Set up PHPCS and WordPress-Extra coding standards, and configure your IDEs to use them

Having an overarching code style is nice. Learn how to set up phpcs and the WordPress coding standards for your system / editor.

Set up PHPCS and WordPress-Extra coding standards, and configure your IDEs to use them

Using a coding standard in a project across your team is a Good Idea™. It removes back and forth on your favourite version control system around code styling decisions, and generally removes the “but I like this better” arguments, plus the end result of a team will look as if one person wrote it, which also helps whoever is reading the code to comprehend what’s happening.

Set up PHPCS

End result of this should be that phpcs is available as a global command in your terminal.

$ which phpcs

Easiest method I’ve found is to install it globally with composer. For that you have to have composer available from, and for added niceness, install a composer package called cgr (short for composer global require). Reasons for that in this article.

Once you have composer or cgr, install phpcs with

$ composer global require squizlabs/php_codesniffer
// or
$ cgr squizlabs/php_codesniffer

Double check you have phpcs installed after this with which phpcs. You should get the path to the phpcs executable.

Set up your PATH variable

NOTE: this is only needed if you still don’t have anything for which phpcs. You need to add this to your .zshrc or .bash_profile (or your shell’s own profile file) so it will make terminal look in that folder too:

export PATH="$HOME/.composer/vendor/bin:$PATH"

This will add your global composer bin directory to the PATH variable.

Set up coding standards

You can set up any custom coding standards, but let’s focus on the WordPress ones for a moment. Here they are:

Clone the repository to a central place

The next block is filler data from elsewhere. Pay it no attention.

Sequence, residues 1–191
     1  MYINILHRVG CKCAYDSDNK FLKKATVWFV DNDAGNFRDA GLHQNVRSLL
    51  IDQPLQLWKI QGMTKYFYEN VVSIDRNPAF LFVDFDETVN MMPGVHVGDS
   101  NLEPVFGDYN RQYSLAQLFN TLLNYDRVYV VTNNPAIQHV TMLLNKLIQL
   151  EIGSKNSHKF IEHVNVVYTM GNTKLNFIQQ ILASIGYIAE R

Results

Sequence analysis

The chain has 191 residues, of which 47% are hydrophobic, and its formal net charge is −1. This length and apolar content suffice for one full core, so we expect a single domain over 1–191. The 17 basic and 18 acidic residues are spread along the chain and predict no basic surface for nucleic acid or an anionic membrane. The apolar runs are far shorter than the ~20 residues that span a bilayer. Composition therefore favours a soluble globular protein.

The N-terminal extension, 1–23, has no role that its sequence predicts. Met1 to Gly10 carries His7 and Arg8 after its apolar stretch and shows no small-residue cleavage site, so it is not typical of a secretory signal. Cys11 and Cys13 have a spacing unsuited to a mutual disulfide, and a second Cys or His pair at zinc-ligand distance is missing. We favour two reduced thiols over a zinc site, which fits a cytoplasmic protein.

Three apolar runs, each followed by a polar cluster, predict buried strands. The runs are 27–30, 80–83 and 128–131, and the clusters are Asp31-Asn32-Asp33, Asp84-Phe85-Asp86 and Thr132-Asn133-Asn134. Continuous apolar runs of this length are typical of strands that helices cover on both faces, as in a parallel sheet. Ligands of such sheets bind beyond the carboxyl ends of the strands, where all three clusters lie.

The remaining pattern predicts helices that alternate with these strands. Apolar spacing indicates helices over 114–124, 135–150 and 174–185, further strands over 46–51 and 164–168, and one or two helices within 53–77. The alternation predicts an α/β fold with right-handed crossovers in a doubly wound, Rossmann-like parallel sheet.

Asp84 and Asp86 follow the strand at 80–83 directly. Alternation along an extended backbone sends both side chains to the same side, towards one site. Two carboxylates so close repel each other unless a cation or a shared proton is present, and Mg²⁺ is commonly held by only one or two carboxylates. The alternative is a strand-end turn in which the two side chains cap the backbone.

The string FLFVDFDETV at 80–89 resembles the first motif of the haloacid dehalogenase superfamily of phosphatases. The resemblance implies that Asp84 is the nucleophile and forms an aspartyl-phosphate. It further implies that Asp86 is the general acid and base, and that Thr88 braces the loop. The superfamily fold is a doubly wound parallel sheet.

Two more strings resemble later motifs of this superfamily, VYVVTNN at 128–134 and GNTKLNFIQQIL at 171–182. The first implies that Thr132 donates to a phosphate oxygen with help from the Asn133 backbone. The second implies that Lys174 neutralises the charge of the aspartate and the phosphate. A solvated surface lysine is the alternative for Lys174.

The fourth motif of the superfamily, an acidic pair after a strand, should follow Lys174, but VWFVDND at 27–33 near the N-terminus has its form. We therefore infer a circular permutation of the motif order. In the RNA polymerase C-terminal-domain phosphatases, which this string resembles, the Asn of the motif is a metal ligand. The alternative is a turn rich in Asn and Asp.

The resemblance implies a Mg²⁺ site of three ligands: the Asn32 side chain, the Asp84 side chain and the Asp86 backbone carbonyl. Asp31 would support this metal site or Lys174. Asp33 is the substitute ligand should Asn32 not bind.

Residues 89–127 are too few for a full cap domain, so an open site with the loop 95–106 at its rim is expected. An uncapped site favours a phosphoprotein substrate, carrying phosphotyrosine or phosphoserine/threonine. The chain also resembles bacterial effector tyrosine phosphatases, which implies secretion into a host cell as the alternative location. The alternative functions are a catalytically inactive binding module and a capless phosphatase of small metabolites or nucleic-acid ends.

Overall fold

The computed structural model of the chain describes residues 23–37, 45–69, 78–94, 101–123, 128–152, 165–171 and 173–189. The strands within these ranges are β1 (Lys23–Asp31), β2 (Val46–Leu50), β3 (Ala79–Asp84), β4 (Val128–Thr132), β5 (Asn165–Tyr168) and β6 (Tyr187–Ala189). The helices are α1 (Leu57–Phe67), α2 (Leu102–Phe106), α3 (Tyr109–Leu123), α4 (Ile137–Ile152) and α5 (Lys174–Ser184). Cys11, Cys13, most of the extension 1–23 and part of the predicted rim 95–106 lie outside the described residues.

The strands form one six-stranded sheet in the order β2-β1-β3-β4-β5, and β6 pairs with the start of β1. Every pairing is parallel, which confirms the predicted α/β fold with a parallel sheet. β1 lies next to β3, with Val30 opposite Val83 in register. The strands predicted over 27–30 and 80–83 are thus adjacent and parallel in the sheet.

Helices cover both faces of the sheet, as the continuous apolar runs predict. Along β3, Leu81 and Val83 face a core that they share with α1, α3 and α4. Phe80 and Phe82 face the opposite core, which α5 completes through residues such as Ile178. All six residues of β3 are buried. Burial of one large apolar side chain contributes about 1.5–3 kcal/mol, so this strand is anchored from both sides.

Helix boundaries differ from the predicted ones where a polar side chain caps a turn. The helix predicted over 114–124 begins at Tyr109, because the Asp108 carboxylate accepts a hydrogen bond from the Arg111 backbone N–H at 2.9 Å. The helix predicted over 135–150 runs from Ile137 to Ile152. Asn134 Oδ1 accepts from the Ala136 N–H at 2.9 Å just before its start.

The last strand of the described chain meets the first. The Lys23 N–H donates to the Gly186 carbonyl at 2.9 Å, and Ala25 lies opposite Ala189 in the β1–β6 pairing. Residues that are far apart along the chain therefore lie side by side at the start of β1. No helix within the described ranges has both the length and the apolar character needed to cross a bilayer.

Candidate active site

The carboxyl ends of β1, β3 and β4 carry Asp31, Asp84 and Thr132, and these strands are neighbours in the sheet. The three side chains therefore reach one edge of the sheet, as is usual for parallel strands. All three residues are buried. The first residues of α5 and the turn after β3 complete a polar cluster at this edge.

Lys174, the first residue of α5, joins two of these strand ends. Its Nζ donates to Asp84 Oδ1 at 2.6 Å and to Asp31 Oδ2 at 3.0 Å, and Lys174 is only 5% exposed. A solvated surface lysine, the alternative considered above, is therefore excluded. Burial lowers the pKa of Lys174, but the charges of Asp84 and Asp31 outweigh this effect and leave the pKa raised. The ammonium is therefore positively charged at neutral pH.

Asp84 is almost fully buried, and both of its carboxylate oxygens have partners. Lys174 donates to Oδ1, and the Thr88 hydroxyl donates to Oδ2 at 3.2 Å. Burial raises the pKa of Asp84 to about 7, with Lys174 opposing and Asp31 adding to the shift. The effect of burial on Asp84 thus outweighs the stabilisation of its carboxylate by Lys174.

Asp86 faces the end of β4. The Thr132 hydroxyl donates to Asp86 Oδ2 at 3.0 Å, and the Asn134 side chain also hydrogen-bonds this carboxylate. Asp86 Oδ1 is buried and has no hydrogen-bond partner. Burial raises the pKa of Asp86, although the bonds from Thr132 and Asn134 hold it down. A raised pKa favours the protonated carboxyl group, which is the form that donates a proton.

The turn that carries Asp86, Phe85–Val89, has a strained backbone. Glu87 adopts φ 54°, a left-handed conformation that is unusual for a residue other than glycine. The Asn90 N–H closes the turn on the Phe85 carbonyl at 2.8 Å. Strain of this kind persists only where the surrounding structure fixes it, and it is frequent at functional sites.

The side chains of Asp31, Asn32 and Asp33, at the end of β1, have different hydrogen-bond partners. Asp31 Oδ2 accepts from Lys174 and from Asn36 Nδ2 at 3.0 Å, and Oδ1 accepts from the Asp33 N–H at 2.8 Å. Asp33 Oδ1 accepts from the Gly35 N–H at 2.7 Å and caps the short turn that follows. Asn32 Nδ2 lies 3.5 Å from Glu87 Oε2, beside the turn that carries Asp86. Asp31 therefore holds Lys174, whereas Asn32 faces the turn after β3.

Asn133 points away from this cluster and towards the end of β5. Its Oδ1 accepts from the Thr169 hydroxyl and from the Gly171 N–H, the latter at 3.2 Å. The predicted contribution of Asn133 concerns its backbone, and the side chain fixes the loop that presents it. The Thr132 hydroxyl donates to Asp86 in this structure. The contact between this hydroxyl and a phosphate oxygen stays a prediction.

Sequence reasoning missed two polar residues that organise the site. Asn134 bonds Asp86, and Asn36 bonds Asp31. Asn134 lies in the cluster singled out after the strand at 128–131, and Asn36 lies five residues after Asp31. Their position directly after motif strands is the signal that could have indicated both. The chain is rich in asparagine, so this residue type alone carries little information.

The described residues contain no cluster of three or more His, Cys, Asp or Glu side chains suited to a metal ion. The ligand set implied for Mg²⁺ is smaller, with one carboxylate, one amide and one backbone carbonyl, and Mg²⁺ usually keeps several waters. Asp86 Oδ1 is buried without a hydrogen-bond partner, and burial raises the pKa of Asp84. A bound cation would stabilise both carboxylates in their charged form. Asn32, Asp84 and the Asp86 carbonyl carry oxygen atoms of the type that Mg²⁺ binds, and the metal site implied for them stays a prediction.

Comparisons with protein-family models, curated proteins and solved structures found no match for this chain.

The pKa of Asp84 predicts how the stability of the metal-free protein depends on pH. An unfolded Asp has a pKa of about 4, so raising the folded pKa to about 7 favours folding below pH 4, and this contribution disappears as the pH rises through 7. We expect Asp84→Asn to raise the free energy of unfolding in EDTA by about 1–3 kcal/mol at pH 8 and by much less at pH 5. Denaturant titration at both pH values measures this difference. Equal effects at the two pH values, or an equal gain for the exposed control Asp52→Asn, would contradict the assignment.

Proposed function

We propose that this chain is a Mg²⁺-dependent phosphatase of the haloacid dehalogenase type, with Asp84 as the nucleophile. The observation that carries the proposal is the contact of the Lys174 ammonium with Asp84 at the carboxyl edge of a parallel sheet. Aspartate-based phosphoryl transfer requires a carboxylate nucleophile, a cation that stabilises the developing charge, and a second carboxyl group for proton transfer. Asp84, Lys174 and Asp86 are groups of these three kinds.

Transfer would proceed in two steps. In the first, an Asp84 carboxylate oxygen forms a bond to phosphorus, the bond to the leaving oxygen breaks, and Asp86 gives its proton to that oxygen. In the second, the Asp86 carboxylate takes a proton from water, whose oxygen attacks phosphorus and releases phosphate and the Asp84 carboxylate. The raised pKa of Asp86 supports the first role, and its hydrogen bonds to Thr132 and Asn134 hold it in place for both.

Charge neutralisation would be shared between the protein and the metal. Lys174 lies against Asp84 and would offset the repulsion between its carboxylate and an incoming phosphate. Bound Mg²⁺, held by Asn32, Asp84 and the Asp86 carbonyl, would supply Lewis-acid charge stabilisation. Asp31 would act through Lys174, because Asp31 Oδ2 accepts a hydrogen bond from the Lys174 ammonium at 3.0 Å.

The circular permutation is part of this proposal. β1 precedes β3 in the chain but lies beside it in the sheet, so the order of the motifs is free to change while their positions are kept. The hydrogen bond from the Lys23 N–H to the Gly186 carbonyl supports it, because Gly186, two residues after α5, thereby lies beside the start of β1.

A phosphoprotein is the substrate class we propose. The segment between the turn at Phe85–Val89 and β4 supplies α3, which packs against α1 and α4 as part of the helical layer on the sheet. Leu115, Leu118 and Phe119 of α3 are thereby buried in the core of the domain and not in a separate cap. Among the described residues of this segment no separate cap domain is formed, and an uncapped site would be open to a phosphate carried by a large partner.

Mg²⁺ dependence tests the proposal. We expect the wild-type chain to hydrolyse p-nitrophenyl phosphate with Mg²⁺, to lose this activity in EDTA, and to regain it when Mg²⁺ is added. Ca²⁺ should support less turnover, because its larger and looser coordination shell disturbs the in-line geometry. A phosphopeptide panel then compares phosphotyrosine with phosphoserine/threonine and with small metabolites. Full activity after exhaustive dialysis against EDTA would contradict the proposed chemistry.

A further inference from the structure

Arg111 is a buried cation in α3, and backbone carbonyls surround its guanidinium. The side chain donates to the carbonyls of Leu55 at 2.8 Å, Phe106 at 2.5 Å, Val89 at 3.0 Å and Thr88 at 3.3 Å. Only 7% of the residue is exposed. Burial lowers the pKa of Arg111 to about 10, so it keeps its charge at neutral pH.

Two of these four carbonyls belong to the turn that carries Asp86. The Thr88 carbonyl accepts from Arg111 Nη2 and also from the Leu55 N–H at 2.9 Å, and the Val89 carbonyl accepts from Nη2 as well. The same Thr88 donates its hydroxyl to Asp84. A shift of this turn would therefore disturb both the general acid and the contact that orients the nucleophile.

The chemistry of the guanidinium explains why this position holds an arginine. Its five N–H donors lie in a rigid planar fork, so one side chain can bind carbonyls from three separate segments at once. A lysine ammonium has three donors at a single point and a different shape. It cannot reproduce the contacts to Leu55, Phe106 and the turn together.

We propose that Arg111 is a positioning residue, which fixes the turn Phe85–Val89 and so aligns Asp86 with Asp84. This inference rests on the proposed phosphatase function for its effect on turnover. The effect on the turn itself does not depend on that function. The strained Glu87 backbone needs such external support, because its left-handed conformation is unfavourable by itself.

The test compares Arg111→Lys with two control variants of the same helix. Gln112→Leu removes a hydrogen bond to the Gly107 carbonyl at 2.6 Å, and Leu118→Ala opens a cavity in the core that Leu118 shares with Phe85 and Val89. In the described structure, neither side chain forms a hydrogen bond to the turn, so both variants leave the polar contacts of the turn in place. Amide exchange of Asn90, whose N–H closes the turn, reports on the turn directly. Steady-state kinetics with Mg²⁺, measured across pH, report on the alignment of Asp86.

I chose a directory called wpcs in my user directory:

$ cd ~
$ git clone wpcs

Tell PHPCS about this directory

phpcs will load all the available coding standards from its built in list, and from any directory in its configured installed paths. We need to add the ~/wpcs directory (where we cloned the repository in the previous step) to the installed paths:

$ phpcs --config-set installed_paths /Users/javorszky/wpcs

NOTE: installed paths should always be absolute to guard against headaches.

NOTE2: installed paths is a singular config option, so if you need multiple paths to be included, add them in a comma separated list, like so:

$ phpcs --config-set installed_paths /Users/javorszky/wpcs,/Users/javorszky/some_other_path,etc

Double check that it’s working

$ phpcs -i
The installed coding standards are PEAR, Zend, PSR2, MySource, Squiz, PSR1, PSR12, WordPress-VIP, WordPress, WordPress-Extra, WordPress-Docs and WordPress-Core

The output should look like that. If it does not include the WordPress standards, the installed_paths config option is wrong. You can check what the config is set to with

$ phpcs --config-show
Using config file: /Users/javorszky/.composer/global/squizlabs/php_codesniffer/vendor/squizlabs/php_codesniffer/CodeSniffer.conf

installed_paths: /Users/javorszky/wpcs

Set your editor up

Sublime text

Install the SublimeLinter and SublimeLinter-phpcs packages.

Then open the settings pane for them: Preferences -> Package Settings -> Sublime Linter -> Settings.

I use this config options:

// SublimeLinter Settings - User
    "debug": true,
    "linters": {
        "phpcs": {
            "cmd": "/Users/javorszky/.composer/vendor/bin/phpcs",
            "args": [

The cmd should be the same as you get with which phpcs. The standard used is specified in the args array.

After you restart Sublime text, the next time you open a php file, you should be getting phpcs hints / markers about it.

Visual Studio Code

Install and enable the phpcs extension by Ioannis Kappas (ikappas.phpcs).

In your user settings – CMD+, on Mac or Preferences -> Settings – set these two variables:

    "phpcs.executablePath": "/Users/javorszky/.composer/vendor/bin/phpcs",
    "phpcs.standard": "WordPress-Extra",

Again, the executablePath should be the result of which phpcs.

Restart VSCode, and you should have code standards enabled.


I don’t use Atom, and rarely use PhpStorm for WordPress related work, hence they are missing. Hopefully the above was useful nonetheless.

Versions of software as of writing the article:

WordPress currently is at 4.9.7
phpcs at 3.3.1
php at 7.1.20 (7.2 available)
Sublime at build 3175
VSCode at 1.25.1
composer at 1.6.3

Photo by Vadim Sherbakov on Unsplash